Helicopter manufacturers constantly introduce new technologies into their products, and the regulatory system is getting better at keeping up with this progress.
If you are in a management position at an operator, do you actively think about what technologies are right for your operation? And for flight crew: how does technology impact the way you manage the flight?
Assess how technology can help to improve safety and operational effectiveness
Many accidents with injuries or loss of life could have been prevented by technology. Technology offers a variety of safety and operational solutions that can, directly or indirectly, address important safety issues and contribute to accident prevention. It can provide tools to increase and simplify the information available to the flight crew, reduce pilot workload, support decision making or increase survivability.
The Specialist Team Technology of the European Safety Promotion Network Rotorcraft (ESPN-R), formerly known as the European Helicopter Safety Team (EHEST), started working on coordinating efforts to promote the use of technology in 2010 when they derived the highest ranking accident factors from analysis of 300 helicopter accidents and incidents that took place in Europe between 2000 and 2010.
EHEST Top 15 "most promising" technologies
This Team assessed the safety potential of numerous technologies and their report identified the 15 ‘highly promising’ technologies that can jointly help to mitigate 11 of the top 20 accident factors. These key technologies are:
- Enhanced Ground Proximity Warning System / Terrain Awareness and Warning System.
- Digital range image algorithms for flight guidance aids for helicopter low-level flight.
- Laser radar obstacle and terrain avoidance system.
- Digital mapping.
- Deployable Voice and Flight Data Recorder.
- Passive tower-based Obstacle Collision Avoidance System.
- Miniature Voice and Flight Data Recorder.
- Wire Strike Protection System.
- Flight data evaluation and processing for accident and incident investigation.
- Cockpit Information Recorder.
- Full Authority Digital Engine Control (FADEC).
- Light Helicopter Operations Monitoring Programme (HOMP) systems.
- Efficient Numerical Approaches for On-Board Rotorcraft Flight Performance Modelling.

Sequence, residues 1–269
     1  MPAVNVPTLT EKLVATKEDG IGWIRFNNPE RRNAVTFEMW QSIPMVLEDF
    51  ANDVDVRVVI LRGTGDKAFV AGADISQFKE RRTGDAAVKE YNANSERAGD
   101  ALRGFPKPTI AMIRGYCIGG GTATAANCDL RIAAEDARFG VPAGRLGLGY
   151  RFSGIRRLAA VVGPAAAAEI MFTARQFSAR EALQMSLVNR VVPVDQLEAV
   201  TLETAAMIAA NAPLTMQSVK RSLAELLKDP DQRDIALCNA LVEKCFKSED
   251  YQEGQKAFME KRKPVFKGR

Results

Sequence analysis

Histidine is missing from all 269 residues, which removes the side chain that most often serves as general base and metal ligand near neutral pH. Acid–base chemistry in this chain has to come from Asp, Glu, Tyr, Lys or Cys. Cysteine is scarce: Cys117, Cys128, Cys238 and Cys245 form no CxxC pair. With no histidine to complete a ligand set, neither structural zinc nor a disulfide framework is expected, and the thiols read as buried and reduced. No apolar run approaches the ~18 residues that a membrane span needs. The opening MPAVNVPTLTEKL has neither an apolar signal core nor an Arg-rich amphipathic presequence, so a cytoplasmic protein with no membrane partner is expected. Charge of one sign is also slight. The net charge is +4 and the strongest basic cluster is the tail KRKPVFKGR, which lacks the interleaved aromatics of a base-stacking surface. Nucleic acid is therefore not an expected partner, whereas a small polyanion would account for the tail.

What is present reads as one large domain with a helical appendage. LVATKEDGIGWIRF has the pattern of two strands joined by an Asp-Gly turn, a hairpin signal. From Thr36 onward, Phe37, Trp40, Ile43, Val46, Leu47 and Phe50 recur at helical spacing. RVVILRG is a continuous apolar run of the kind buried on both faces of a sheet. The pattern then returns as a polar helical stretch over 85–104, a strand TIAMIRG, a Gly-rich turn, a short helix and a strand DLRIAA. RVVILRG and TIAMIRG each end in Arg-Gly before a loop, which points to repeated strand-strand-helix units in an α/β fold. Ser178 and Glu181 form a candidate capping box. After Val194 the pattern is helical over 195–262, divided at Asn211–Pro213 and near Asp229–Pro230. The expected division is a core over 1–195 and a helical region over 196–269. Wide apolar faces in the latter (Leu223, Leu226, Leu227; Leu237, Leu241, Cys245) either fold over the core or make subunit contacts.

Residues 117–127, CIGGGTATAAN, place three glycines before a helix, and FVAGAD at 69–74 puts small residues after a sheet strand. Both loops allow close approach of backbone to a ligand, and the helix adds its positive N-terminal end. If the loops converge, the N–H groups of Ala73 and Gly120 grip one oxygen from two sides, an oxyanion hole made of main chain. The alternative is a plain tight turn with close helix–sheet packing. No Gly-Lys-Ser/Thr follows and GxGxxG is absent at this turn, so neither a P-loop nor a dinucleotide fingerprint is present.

- Radar Altimeter for altitude measurement.
- Immersive Visualisation.
It’s worth reading the full report that you can find here. The report also made recommendations to industry, regulatory authorities, researchers and universities to act upon the conclusions. The work resumed in 2017 as part of the European Plan for Aviation Safety (EPAS) Safety Promotion Task SPT.095 to “Promote technologies with safety benefits”. For each of the previously mentioned ‘highly promising’ technologies, the current status has now been reassessed. Unsurprisingly, many of these have evolved into fully-fledged solutions that are available on helicopters today while others are likely to be available in the near future.
More recently, in December 2019 the ESPN-R hosted a workshop on the Safety Benefits of Technology as part of the EASA Rotorcraft Symposium 2019. Experts from the manufacturers and the authorities provided some interesting presentations to the workshop – it is worth looking at the presentations that can be found on the event webpage here.
The situation today – What technologies are already available?
Depending on the type/ age of helicopter and the type of operation you fly, the installation of some technologies are likely to be mandatory. However, there are other technologies that you may not be required to have but that could still bring you safety and operational benefits. The main technologies available on the market today are summarised below, along with some of the benefits and safety improvements they bring – some of these are obvious, but others you might not be aware of. You can read more in the status update report NLR-TP-2018-470 here.
The main technologies are split into 3 main categories. The first is to improve situational awareness and is specifically helpful in preventing obstacle and terrain collisions. The second is associated with other areas of flying, specifically flight/engine control. Finally, the last area is associated with flight data monitoring, post event analysis and recorders to assist in finding people after an accident or helping with the analysis to prevent future accidents.
1. Situational awareness and the prevention of Obstacle/ Terrain Collisions
Digital mapping and flight applications